competition nor did he receive top-notch coaching.
He transferred to
Now that we have answered the age-old question "Where is
the beef?" lets take a look at how VT uses its defensive ends.
The two DE positions are called the End
and the Stud.
These two positions have unique responsibilities.
The End will line up to the short side of the field.
His primary responsibility is to secure the edge against the running
game. He must be very strong at the
point of attack and cannot allow himself to get pushed off the line of scrimmage
or advance too far up field, opening up running lanes.
Both defensive ends will be asked to drop into short pass coverage at
times as well when Foster dials up a zone blitz.
So, it is not sufficient for the End to simply have brute strength.
He must be a capable athlete as well.
Last year's starter Nekos Brown has graduated.
Replacing him will be…..
3 - Chris Drager
(6-3, 260 r-Jr.)
Drager is another one of the type of players that coaches
love. The Hokies had serious depth
issues at DE heading into last season. Despite
having a standout 2009 spring at tight end, Drager made the move to DE at the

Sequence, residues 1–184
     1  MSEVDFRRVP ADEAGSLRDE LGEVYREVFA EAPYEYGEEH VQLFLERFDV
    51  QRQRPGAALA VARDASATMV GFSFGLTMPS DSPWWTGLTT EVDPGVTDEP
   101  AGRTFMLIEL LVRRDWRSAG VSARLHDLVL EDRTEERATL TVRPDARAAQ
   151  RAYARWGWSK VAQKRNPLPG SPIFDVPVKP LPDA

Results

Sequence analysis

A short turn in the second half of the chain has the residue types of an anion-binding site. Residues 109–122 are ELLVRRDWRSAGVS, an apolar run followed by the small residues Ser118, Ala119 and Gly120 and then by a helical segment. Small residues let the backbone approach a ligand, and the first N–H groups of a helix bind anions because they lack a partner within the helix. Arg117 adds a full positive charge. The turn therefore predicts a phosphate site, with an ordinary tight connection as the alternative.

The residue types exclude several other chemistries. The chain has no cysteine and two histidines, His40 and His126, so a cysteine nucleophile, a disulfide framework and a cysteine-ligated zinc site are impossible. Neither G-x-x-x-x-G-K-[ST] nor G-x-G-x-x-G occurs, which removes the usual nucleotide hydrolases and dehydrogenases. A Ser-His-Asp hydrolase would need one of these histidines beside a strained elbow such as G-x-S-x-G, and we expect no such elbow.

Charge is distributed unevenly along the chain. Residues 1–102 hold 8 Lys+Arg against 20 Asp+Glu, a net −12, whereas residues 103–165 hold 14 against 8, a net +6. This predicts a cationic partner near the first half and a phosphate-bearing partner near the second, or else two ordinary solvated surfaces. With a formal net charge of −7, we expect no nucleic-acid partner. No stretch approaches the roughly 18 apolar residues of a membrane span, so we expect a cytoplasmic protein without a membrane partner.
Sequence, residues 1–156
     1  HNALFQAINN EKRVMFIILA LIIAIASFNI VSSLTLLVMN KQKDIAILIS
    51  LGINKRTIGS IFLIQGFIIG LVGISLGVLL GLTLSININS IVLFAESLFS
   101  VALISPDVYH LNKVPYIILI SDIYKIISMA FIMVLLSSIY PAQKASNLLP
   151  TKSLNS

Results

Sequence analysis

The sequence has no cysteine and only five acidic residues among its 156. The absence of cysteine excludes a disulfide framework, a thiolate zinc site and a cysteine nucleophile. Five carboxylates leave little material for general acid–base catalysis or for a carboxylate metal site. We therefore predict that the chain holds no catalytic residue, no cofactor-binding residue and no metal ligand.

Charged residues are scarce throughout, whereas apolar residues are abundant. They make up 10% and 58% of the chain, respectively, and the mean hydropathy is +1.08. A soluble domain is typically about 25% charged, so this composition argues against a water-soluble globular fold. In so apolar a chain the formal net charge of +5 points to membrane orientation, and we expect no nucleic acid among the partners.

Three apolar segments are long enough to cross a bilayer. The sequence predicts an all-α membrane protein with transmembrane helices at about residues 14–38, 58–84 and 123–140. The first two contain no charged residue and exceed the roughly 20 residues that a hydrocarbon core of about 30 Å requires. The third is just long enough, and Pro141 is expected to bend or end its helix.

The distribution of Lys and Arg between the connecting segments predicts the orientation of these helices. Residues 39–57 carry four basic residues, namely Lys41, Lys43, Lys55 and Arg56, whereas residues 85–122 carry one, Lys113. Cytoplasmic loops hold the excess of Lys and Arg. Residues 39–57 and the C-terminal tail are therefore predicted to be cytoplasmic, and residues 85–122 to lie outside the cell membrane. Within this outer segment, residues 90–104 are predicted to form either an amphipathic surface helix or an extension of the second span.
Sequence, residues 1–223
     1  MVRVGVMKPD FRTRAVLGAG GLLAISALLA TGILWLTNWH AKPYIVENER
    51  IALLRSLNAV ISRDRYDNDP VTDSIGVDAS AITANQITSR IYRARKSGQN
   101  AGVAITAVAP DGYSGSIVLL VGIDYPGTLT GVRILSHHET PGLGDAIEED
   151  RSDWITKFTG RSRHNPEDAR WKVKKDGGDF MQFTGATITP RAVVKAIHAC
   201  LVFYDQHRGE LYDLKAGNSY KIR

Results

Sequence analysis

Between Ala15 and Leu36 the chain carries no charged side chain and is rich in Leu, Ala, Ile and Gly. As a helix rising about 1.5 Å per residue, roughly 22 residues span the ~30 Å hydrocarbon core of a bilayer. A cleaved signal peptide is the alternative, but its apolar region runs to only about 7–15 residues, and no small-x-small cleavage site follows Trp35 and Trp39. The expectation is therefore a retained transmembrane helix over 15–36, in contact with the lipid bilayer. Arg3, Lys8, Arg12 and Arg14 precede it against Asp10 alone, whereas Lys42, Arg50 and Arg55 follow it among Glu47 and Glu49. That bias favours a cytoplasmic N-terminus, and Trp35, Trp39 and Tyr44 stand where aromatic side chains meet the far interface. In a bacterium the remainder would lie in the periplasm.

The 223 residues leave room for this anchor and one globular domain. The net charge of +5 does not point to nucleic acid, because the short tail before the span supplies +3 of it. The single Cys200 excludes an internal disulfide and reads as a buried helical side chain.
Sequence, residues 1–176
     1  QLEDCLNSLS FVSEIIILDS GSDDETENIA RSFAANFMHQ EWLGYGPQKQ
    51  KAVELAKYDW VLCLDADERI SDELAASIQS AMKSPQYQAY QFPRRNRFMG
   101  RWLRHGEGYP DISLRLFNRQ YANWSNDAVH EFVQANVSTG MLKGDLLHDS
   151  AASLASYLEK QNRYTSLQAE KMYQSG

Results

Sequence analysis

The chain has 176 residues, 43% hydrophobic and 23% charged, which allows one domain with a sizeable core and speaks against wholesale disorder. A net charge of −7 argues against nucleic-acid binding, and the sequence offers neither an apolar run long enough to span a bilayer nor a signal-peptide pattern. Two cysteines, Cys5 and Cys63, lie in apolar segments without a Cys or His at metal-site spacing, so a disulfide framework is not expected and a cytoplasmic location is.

conclusion of spring practice for the good of the team.
To give you some perspective on what type of an athlete he is, Drager
would be the Hokies starting TE this year had the move not been made.
Chris saw action in all 13 games last season as a backup.
He recorded 22 tackles, 6.5 for loss, and 2.5 sacks.
Not bad for a guy who only had one fall training camp to learn the
position. The light really started
coming on for him at the end of last season, and he became a consistent
playmaker down the stretch. Drager
will be asked to shed a few pound to get him back to his more natural
size--around 245 – 250 lbs.
Developing depth behind Drager will be a major priority for
99 - James Gayle (6-4, 246 r-Fr.)
Gayle turned a lot of heads this spring and made it a little bit easier for Coach Wiles to sleep this summer. He is a high motor type player who is extremely athletic. In fact, he is so athletic they he will probably get reps at both the End and Stud position. Like all freshmen concentration and consistency are the major concerns here. He had a couple of mental lapses in the spring game. That will need to be corrected before Labor Day.
42 – J.R. Collins (6-2, 255 r-Fr.)
Collins played well last fall in scrimmage situations.
However, he came to school a bit on the thin side.
He has since put on the necessary weight to compete at the collegiate
level, but he is still getting used to his new frame.
He has good instincts and playmaking ability. He just needs reps to put
the package together. Off-season
workouts and August practice will determine how much Collins contributes this
Finally, that leads us to the Stud position. The Stud
will line up to the wide side of the field and will have attributes of a typical
pass rusher. He receives some help
to the outside from the Whip linebacker with respect to stopping the running